Time to hug that server

Nick Booth finds that not all research provides clear cut answers as he looks at some findings on the rise of server hugging

You wouldn’t think we were living in the age of big data would you?

Most of the studies that filter into your Inbox seem to come to blindingly obvious conclusions. They always seem to dovetail perfectly with the marketing message of the company that commissioned them. They’re usually culled from such a tiny sample size that they’re not only statistically insignificant, you can actually guess how many people were interviewed.

Which is how we get studies telling us that: “A staggering 75% of those quizzed said they were concerned about IT security, but the other one (25%) skipped that question”.

We should be suspicious of the fact that nobody, in the history of IT marketing, has ever commissioned a report that reaches an unexpected conclusion. Until now, that is.

Two recent studies about the hosting industry have caused shockwaves. They’ve contradicted each other. They can’t both be right, so maybe – just maybe - someone has actually been brave enough to conduct an honest, scientifically rigorous study that wasn’t a foregone conclusion. But which one was it?

US storage vendor Iron Mountain announced the results of a study into the server hugging mentality of Europeans. (Server hugging is a condition identified by the market analyst Forrester. It describes any person who doesn’t feel safe unless they can physically touch their server. It’s usually used to poke fun at anally retentive IT managers. Or data retentives.)

The study found that 46% of we Europeans insist on keeping data on hardware that we can see, touch and control. This data paranoia among IT managers is particularly shameful among small to medium sized enterprises (SMEs), according to the report, which seems to poke fun at us Europeans for being old fashioned and stuck in our ways.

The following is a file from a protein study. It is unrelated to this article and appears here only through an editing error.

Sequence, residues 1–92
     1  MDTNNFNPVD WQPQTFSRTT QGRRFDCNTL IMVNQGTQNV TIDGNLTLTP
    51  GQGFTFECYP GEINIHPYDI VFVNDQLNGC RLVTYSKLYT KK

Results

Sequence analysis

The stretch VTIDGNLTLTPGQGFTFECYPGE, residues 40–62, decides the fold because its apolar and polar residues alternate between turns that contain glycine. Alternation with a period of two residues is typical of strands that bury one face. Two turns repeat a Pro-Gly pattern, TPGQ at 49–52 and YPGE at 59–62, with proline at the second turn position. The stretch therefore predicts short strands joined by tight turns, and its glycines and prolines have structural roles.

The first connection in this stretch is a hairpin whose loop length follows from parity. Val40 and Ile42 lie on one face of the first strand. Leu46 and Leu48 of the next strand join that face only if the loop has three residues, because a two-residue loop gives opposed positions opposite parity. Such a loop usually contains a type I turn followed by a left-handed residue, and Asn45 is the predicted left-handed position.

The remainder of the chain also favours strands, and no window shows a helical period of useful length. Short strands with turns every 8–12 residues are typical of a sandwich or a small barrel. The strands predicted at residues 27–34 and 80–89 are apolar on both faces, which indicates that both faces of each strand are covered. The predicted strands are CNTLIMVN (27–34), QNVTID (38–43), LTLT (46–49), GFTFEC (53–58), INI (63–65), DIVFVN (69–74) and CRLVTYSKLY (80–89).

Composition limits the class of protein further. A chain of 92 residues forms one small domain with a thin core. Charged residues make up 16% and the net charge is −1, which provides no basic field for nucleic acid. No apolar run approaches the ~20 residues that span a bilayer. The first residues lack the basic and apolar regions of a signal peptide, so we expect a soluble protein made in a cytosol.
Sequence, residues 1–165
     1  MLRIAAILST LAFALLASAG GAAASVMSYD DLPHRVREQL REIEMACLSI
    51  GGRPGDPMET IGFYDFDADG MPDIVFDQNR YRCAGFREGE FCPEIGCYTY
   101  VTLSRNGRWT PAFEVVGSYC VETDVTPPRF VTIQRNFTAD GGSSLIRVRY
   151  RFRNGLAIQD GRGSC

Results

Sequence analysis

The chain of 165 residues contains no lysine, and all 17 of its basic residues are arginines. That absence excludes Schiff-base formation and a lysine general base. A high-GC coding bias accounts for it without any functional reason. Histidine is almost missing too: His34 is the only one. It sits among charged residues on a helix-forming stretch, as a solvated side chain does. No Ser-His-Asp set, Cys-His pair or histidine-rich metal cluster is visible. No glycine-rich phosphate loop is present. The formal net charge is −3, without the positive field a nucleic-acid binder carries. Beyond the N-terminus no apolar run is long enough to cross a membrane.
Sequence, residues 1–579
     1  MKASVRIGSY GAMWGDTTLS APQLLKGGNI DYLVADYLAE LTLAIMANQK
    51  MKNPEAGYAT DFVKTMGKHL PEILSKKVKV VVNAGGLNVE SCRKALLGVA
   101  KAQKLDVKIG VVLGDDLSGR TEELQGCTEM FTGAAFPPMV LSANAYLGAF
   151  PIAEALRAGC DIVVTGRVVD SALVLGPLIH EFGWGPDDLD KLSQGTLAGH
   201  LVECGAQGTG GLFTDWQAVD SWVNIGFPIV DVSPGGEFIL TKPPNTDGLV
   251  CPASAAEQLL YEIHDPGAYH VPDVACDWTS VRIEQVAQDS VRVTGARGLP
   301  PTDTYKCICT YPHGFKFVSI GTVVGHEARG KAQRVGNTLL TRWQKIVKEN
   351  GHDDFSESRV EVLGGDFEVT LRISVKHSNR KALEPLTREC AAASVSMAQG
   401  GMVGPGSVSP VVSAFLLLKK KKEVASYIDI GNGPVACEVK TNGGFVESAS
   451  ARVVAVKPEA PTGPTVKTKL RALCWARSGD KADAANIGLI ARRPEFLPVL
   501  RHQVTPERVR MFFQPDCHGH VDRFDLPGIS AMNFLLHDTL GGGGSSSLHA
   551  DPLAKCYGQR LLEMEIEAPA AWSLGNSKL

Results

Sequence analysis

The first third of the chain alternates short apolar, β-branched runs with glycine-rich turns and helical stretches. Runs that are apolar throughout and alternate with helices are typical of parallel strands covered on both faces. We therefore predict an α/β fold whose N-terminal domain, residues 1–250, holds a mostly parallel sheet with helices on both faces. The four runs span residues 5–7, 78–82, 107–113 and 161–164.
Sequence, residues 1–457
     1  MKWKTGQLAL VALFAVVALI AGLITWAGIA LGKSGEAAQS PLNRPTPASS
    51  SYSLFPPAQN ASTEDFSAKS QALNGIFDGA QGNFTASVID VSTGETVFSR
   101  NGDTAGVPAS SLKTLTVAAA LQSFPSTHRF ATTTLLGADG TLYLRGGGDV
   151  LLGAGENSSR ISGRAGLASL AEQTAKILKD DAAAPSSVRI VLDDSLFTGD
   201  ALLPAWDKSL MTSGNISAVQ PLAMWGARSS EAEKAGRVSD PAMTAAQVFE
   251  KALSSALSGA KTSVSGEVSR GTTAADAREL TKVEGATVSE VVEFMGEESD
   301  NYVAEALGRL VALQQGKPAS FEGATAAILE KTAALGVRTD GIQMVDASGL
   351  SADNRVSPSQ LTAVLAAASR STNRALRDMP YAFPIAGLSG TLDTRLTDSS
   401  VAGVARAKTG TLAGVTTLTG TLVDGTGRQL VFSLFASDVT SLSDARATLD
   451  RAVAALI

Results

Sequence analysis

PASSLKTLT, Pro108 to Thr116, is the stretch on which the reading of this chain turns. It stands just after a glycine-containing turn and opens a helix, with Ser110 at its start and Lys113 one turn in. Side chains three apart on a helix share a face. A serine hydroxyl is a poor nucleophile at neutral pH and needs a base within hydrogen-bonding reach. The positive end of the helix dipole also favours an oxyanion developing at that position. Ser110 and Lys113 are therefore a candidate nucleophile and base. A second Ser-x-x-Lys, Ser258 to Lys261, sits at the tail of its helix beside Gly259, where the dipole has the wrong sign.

Selective anecdotes are relayed to shame us into changing our thinking. We’re invited to laugh at a couple of loony limey luddites. For example, one IT boss at a UK healthcare firm of fewer than 250 employees reportedly told researchers: “We are not allowed to store data anywhere else.” An SME UK retailer told researchers that its data was kept on site as: “it’s too sensitive and business-critical to put at risk.”

No wonder the sun set of the British empire eh? If we want to get on in business, we really ought to buy some hosted solutions, preferably using Iron Mountain’s world class storage systems.

On the other hand, service provider Blackbaud conducted a similar study and found the complete opposite pattern among its sample size.

Nine out of ten new clients opted for all their data to be hosted for them - in Amsterdam of all places. Not only that, but only a small percentage of users (19%) think that security of data is an issue. Even fewer (17%) expressed any concern about a lack of control with cloud-based systems.

This is evidence that the not-for-profit sector is becoming more confident about letting go of its servers and trusting its data to the cloud, said Blackbaud’s  general manager Elliot Gowans.

“Cloud-based services could almost have been designed with the not-for-profit sector in mind,” said Gowans.

Hang on a second though. This study was conducted amongst the not-for-profit sector. So does that mean charities and volunteers are more relaxed about our private information, whereas banks are not? Now that would be surprising.

This was last published in September 2014

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